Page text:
PS I’m not sure I expressed this any better than amm1, but I did find a lot of interesting links and links to links (I think the Wikipedia articles are a useful starting place), so I’m posting it anyway.

  5. It is a very progressive idea that someone should take a hit in order to show an aggressor that they are not a threat and potentially deescalate a situation. However, that doesn’t apply if the aggression IS the situation.

  6. The part that I have a fairly fundamental disagreement with is this: Return force with equal force

    To stick with the literal meaning of the word for a moment, let me put it this way – i’ve spent several years training in, and occasionally teaching, a fairly violent form of self-defence, and the attitude that i’ve picked up, and tried to pass on, can be summed up as two ideas:

    1) Violence is only ever appropriate as a response to somebody else having initiated it first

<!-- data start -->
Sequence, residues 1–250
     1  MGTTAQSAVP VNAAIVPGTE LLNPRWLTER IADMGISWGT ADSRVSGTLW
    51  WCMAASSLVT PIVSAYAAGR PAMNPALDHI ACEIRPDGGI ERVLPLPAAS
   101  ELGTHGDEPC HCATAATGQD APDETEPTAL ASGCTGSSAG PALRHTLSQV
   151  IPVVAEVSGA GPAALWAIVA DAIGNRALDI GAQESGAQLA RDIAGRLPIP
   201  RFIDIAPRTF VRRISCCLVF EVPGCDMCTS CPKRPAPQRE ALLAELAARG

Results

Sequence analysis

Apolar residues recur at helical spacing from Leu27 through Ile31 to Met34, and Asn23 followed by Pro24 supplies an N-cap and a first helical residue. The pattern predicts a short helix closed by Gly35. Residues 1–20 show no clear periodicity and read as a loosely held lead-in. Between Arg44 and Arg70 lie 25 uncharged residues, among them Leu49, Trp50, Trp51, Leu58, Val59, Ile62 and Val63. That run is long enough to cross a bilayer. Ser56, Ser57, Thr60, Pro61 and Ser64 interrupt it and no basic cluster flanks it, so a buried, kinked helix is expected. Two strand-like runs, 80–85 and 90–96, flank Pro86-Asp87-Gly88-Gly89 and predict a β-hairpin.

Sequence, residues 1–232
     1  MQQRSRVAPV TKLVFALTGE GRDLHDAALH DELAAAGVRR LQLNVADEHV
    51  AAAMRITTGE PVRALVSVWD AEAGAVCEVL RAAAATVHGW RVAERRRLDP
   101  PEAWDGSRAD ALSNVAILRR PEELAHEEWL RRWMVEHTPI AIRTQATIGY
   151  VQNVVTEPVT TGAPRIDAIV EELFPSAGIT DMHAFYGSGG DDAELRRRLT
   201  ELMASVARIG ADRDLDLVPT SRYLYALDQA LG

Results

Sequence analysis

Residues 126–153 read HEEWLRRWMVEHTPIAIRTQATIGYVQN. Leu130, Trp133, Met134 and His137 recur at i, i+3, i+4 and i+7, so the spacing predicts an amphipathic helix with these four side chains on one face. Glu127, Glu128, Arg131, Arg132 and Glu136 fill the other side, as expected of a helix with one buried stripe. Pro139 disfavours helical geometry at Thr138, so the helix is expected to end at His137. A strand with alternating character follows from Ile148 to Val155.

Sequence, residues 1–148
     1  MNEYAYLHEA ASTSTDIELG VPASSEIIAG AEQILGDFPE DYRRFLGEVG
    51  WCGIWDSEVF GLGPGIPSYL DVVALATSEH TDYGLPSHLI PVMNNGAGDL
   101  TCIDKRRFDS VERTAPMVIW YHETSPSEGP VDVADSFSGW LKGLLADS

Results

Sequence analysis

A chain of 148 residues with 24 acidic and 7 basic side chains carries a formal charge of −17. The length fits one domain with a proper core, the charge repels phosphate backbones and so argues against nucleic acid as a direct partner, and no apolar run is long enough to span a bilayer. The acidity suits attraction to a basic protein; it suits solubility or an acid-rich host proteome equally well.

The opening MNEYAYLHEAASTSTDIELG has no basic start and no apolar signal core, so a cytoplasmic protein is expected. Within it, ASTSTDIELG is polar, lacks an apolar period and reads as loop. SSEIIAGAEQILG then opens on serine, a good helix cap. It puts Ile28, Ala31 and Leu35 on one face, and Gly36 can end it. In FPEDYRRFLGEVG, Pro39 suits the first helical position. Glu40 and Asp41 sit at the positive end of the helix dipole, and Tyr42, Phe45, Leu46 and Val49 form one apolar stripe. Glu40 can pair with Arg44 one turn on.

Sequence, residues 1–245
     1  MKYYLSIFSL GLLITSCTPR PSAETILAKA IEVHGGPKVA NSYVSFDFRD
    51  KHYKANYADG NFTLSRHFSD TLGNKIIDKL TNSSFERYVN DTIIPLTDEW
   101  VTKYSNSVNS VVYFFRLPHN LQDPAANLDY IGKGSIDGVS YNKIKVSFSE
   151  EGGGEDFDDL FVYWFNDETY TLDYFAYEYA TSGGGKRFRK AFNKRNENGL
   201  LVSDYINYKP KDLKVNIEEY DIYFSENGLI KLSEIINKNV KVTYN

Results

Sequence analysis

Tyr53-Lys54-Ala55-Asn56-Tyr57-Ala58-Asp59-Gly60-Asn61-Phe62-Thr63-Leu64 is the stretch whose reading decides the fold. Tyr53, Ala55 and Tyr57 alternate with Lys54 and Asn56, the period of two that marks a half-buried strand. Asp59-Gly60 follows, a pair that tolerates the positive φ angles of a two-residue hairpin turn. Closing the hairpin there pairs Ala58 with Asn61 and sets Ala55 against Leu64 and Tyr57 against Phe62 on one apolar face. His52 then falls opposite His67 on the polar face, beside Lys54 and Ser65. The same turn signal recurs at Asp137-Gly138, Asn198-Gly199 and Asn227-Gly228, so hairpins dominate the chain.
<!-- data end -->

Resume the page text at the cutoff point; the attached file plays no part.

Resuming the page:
2) When it becomes appropriate, it needs to exceed that which it is responding to. We don’t teach women that the correct response to having their arm grabbed violently is to grab the guy’s arm back. We teach them how to break his wrist.

    Point 2 is particularly important when teaching women how to defend themselves, because they’re likely to be weaker than an attacker; in the same way, it’s necessary that people whose voices society tends not to hear be louder than those who are usually heard.

    I guess my point boils down to this – meeting force with equal force leads to stalemate, not victory.

    1. A related problem is that people have been proven to be poor judges of when force they’re giving out is equal to force they’re receiving. It’s human nature to underestimate the pain one causes others. This leads to the problem that if one returns with what one thinks is equal force, the other person involved will likely perceive the response as being slightly disproportionate – but not disproportionate enough to encourage them to back off. In fact, if they view that they’re receiving slightly disproportionate retribution and it’s not enough to make them fear a worse response, they’re then likely the ones who will react with much greater force.